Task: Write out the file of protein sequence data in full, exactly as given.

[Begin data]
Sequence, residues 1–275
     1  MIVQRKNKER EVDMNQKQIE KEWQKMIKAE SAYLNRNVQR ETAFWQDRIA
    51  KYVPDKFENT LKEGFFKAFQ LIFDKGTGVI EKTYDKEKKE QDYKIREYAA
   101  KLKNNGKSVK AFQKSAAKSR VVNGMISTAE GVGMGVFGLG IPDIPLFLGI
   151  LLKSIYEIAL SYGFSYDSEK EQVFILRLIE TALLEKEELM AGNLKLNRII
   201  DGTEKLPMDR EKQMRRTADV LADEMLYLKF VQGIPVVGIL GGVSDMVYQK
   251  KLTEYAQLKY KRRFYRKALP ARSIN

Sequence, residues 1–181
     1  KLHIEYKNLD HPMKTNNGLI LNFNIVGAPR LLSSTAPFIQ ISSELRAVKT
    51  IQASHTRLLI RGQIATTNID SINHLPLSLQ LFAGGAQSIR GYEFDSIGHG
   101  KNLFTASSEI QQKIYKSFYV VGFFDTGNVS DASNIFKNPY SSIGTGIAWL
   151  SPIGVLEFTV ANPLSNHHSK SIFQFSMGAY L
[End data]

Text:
Sequence, residues 1–275
     1  MIVQRKNKER EVDMNQKQIE KEWQKMIKAE SAYLNRNVQR ETAFWQDRIA
    51  KYVPDKFENT LKEGFFKAFQ LIFDKGTGVI EKTYDKEKKE QDYKIREYAA
   101  KLKNNGKSVK AFQKSAAKSR VVNGMISTAE GVGMGVFGLG IPDIPLFLGI
   151  LLKSIYEIAL SYGFSYDSEK EQVFILRLIE TALLEKEELM AGNLKLNRII
   201  DGTEKLPMDR EKQMRRTADV LADEMLYLKF VQGIPVVGIL GGVSDMVYQK
   251  KLTEYAQLKY KRRFYRKALP ARSIN

Sequence, residues 1–181
     1  KLHIEYKNLD HPMKTNNGLI LNFNIVGAPR LLSSTAPFIQ ISSELRAVKT
    51  IQASHTRLLI RGQIATTNID SINHLPLSLQ LFAGGAQSIR GYEFDSIGHG
   101  KNLFTASSEI QQKIYKSFYV VGFFDTGNVS DASNIFKNPY SSIGTGIAWL
   151  SPIGVLEFTV ANPLSNHHSK SIFQFSMGAY L